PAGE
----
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Adding Confusion To What Should Be Simple

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By Lowell L. Kalapa

As property taxpayers across the state receive notices of the valuation of their real property for tax purposes, elected officials will offer a spate of proposals to provide relief for homeowners.

With proposals that recommend raising the home exemption to proposals allowing homeowners to dedicate their owner-occupied homes to residential use for a period of years to proposals limiting the annual increase in homeowners’ tax bills, county officials figure that they can provide enough smoke to hide the real solution to higher assessments.

When it comes right down to the facts, over the years county officials have managed to cloud the real property tax picture with all sorts of gimmicks to provide tax relief to the largest segment of their voting constituents, the homeowner. After all, when they hear the cry “we are being taxed out of our homes,” they run for cover.

Probably the longest running real property tax relief gimmick is the home exemption. It became a feature of the real property tax in the thirties when it was perceived as an incentive to transients who had left the dust bowl of the Midwest and headed out to settle down and purchase a home and become respectable members of the community. The proposition was that if you would buy a home and settle down, the government would lop off a part of the value and thereby reduce your real property tax bill as a homeowner.

However, in reality, as values rise and demand drives prices higher, a static home exemption becomes almost meaningless. That’s why proposals to merely raise the home exemption fall short of providing meaningful tax relief. So, say elected officials raise the home exemption to $100,000, how helpful is that if your assessment went up by $200,000? Or say in five years from now if the value of your home grew by $500,000?

Conversely, if your valuation went up by only $50,000, the $100,000 home exemption will wipe out, if not decrease, any increase from your bill last year.

But more importantly, the home exemption is extended to any and all homeowners regardless of whether or not the homeowner has the means to pay the property tax on his or her home. Thus, for those homeowners at the high end of the income scale, the home exemption is nothing more than a windfall. In a sense, granting the home exemption to persons who have the means to pay the full tab of their real property tax bill is a waste of city resources and comes at the expense of taxpayers who cannot afford to pay the property tax levied on their home.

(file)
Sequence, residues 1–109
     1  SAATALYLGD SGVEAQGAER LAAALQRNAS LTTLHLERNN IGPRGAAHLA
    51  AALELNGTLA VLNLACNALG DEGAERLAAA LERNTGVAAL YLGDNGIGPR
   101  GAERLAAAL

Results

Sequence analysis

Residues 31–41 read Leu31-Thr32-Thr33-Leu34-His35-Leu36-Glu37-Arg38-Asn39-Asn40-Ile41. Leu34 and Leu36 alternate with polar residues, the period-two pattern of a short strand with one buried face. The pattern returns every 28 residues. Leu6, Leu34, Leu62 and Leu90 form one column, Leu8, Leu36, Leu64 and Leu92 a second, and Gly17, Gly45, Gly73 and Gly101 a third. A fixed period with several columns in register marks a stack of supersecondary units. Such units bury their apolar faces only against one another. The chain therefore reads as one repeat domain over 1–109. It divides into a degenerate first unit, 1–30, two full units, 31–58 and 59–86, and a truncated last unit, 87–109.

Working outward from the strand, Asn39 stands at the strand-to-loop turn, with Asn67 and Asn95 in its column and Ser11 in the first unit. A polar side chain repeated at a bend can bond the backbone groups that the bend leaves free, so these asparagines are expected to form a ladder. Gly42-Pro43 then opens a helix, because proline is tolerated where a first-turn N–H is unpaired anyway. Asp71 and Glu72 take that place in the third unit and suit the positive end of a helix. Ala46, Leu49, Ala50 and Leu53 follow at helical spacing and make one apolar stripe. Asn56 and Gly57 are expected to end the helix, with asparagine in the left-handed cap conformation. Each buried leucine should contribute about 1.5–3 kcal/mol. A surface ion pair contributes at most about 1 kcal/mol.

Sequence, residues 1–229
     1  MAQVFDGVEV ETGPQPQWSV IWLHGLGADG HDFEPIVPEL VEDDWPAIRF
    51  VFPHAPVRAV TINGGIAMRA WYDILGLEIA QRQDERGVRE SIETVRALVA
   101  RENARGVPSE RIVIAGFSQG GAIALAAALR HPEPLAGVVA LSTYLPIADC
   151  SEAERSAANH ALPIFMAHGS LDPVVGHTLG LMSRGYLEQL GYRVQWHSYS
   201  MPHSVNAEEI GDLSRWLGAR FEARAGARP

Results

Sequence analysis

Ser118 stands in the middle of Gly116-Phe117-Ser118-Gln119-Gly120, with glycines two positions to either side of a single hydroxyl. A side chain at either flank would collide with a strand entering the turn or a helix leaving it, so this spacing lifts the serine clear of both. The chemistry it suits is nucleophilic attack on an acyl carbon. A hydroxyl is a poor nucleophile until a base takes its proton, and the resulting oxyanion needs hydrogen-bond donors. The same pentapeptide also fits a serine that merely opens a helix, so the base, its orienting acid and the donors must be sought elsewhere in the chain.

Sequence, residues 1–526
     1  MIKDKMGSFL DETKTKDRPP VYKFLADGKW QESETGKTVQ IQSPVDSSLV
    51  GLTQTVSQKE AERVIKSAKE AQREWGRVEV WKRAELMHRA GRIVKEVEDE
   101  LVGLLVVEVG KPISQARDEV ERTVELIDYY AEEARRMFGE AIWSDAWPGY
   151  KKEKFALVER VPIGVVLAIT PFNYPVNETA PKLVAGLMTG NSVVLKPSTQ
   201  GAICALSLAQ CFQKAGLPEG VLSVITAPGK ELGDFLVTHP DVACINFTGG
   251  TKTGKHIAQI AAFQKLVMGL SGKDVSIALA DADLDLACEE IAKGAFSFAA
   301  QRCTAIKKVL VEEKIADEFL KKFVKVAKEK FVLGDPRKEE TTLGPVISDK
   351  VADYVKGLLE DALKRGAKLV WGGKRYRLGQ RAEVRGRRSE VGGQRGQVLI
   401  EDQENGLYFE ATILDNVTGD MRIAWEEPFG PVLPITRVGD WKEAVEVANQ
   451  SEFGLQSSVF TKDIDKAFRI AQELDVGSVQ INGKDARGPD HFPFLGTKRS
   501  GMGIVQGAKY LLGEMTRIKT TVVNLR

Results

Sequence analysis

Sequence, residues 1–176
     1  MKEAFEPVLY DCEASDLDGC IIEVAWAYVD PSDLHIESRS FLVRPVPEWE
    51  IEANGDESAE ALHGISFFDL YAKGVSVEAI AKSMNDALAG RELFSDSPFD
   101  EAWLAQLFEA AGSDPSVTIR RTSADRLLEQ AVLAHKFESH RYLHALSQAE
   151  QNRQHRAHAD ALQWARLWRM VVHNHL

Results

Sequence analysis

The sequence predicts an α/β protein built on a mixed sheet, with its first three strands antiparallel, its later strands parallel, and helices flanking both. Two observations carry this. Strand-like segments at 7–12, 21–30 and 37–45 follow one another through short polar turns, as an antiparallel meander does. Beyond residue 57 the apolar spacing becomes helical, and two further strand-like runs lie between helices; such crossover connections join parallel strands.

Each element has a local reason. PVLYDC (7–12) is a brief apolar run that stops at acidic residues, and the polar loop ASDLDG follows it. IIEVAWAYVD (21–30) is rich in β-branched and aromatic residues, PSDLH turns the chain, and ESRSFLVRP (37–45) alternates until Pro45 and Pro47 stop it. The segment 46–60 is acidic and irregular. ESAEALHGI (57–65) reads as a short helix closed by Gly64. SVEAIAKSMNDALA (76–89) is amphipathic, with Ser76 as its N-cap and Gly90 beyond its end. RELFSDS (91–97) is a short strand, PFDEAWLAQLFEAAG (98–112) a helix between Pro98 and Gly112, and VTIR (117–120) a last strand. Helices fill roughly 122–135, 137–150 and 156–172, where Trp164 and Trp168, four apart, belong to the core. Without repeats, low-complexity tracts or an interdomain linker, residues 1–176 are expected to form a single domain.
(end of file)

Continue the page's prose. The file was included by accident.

Proposals that would tie increases in real property tax bills for homeowners to some sort of economic indicator such as the consumer price index (CPI), otherwise known as inflation, or perhaps personal income ignore the changing needs of the county. Such limits assume that the revenues will grow no faster than the economic indicator and ignore the fact that the cost of services may outpace the growth of the economic indicators. What is even worse is if the limit applies to only one type of property, in this case to homeowners, it is almost guaranteed that future revenue needs will be passed on to all the other classes of property that are not protected by the limit. Thus, whatever revenue needs the county will have will be passed on to these other classes of property which are usually businesses who in turn will pass the added burden on to their customers in the form of higher prices. Guess who those customers are?

If county officials truly want to alleviate the soaring valuations, the simple solution is to lower the tax rate to produce what revenues they need to run the county. If the rate is not lowered sufficiently in the eye of the real property taxpayer, then elected officials have to go back to the spending drawing board and ask which services or projects must be eliminated so that the rate can be lowered some more. This means that taxpayers also have to acknowledge that they may have to do without or with a lesser level of county services.

This is the accountability relationship that is so important in the relationship between elected officials and the taxpayer. And elected officials must also realize that if taxpayers are not willing to pay as much in taxes, then they have a duty to decide which services should be pared back or done without in order to be able to lower the property tax rate.

All of the gimmicks to provide relief to homeowners are nothing but that, gimmicks. County officials should make every effort to clear the air so that the property taxpayer understands the tax and understands what he is paying for in county services.

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